‘The Viral Factor’ cements Dante Lam as one of the modern kings of Hong Kong action cinema in a slick tale of biological weapons, long lost brothers and huge gunfights that crams in enough plot strands for several films. Jon (Chou) is part of an elite unit in charge of escorting a criminal scientist to safety when he wants to turn over the deadly new virus he has created to the authorities. No sooner have they set off in their armoured Humvee patrol they are ambushed, the scientist is snatched, Jon’s partner Sean (On) betrays him, leaving another member dead and a bullet lodged in Jon’s head. After recuperating but now suffering from severe headaches, Jon spends some time looking after his sick mother who reveals Jon in fact has a long lost brother Yeung (Tse) who is living with their estranged father. Jon then sets out to find Yeung only to discover he is a lowly criminal who has been tasked with kidnapping, by some corrupt cops who work for Sean, a renowned scientist Rachel (Lin) who will help them crack the previous scientist’s (now dead!) bio-weapon so then they can sell the antidote and make a ton of money. Jon just happens to meet Rachel on a flight prior to being snatched and soon the three are up to their necks in gunfire, double crosses and daring chases, as they hope to stop Sean unleashing the virus.
Phew! There is a lot going on in ‘The Viral Factor’ and a lot of it does depends on coincidence and suspension of disbelief on several occasions but none of this stops it from being a genuinely exhilarating thrill ride staged on a grand scale. A sort of drama about a family being reunited, albeit with deadly viruses threatening to kill everyone and large action scenes, Lam certainly throws a lot in and the tone does vary but thanks to the confident staging and the unrelenting momentum it all works for the most part. While there are moments of downtime, as the brothers come to trust and learn about one another, the film is essentially one long race against time to stop the virus being unleashed and save several characters who find themselves in jeopardy. The reuniting of two estranged brothers, who have taken very different paths in their lives, may be a strange way to frame a gigantic bio-weapon unleashing action film around but it certainly gives the film a unique hook and thankfully the melodrama is toned down meaning there are actually some tender and emotional scenes in amongst the ever mounting carnage.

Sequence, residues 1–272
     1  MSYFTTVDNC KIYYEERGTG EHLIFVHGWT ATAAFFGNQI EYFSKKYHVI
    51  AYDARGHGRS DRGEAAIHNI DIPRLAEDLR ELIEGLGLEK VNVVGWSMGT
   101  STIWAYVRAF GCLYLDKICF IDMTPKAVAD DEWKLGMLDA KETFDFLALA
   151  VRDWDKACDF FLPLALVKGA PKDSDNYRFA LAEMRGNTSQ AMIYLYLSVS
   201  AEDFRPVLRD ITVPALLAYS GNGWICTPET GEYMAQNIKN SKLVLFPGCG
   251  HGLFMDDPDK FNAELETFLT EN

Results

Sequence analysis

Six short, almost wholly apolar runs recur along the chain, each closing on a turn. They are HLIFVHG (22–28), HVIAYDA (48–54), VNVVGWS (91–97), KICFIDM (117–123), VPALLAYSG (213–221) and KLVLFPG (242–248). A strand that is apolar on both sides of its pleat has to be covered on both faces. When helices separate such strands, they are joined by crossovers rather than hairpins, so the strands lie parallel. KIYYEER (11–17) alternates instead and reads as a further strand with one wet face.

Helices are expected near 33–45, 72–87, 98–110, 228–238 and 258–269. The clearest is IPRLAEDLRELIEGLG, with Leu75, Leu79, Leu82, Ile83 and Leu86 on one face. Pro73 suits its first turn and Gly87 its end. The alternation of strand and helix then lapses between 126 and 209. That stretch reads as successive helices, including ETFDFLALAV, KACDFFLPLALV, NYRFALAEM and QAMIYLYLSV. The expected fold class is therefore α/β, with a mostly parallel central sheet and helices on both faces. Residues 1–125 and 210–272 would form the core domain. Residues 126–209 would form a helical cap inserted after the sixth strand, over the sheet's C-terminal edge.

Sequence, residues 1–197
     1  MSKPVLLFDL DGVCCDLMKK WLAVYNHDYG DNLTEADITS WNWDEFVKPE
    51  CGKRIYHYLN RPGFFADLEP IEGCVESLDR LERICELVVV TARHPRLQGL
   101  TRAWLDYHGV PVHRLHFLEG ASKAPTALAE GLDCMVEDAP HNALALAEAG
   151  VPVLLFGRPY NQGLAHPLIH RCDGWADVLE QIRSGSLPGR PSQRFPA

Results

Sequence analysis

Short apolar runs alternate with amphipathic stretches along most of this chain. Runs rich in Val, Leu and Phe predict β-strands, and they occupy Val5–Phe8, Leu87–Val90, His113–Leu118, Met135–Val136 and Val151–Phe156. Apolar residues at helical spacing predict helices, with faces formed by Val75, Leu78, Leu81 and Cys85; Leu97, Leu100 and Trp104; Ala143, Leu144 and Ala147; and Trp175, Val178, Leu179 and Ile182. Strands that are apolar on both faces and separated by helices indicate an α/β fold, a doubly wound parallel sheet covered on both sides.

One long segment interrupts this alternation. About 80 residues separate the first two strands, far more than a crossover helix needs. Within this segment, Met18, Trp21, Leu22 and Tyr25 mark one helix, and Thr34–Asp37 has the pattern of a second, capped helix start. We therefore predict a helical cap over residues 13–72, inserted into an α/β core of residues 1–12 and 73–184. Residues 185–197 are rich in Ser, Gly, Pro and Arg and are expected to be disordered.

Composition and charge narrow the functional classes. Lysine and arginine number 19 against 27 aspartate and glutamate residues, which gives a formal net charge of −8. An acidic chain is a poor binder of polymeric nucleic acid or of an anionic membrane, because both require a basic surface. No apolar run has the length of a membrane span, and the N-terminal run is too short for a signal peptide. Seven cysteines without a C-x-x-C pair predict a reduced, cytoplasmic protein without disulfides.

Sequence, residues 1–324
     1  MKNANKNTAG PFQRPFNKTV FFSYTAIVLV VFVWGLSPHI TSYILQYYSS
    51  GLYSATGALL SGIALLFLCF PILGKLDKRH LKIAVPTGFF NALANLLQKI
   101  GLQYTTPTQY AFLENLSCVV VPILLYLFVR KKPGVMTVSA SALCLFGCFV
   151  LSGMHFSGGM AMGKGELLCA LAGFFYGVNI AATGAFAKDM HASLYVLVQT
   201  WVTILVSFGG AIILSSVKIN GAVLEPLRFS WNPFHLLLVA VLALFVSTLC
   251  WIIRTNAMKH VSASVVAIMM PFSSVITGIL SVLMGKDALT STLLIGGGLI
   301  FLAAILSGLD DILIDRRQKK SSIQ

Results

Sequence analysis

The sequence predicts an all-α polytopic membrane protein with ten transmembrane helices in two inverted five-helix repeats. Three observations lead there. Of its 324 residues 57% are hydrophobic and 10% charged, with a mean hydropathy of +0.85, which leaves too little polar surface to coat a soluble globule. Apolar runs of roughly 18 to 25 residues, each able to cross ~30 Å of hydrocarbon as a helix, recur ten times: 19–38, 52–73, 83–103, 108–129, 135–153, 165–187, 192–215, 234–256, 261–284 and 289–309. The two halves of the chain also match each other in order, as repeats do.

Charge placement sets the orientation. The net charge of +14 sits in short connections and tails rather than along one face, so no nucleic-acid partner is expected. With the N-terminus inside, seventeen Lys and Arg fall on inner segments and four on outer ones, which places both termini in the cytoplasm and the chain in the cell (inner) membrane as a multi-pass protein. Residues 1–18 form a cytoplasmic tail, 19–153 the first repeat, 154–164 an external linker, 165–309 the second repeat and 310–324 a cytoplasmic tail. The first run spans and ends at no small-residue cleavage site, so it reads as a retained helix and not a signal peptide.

However, action is the name of the game here and Lam mounts blockbuster set-pieces with such verve and energy he gives Hollywood directors a run for their money. From the tense Humvee attack come shootout that opens the film (and which almost tops the similar sequence in ‘Clear and Present Danger’: almost!) to playing hide and seek with helicopters (real helicopters at that: not CGI ones!) in amongst the skyscrapers of Kuala Lumpur, to the incredible and frenetic gun battles of the finale, ‘The Viral Factor’ is an action feast. While unfortunately obvious CGI does rear its ugly head on more than one occasion (there is just no getting away from it these days) the action is primarily impressively staged stunt work and fire fights. Lam must be commended for staging sequences that actually last longer than a minute in several sustained set-pieces that play out tensely and creatively increasing in velocity and peril as the action gets bigger and bigger: almost reaching James Bond level of action craziness in several instances.
While the constant switching between Cantonese, Mandarin and English (and even several other languages at one point!) and the fact the two leads seem indestructible no matter what they go through (seriously Nicholas Tse must be surviving purely on adrenaline considering what his character goes through) may irk some (and it could have been a good 10 minutes shorter), ‘The Viral Factor’ is nevertheless a blockbusting Hong Kong actioner done right that surges from one ingenious set-piece to the next (and doesn’t skimp on the brutality either as this is one hard edged action film despite the slick gloss). While Lam may have done better films (‘The Beast Stalker’, ‘The Stool Pigeon’) he’s certainly more than adept at delivering blockbuster thrills.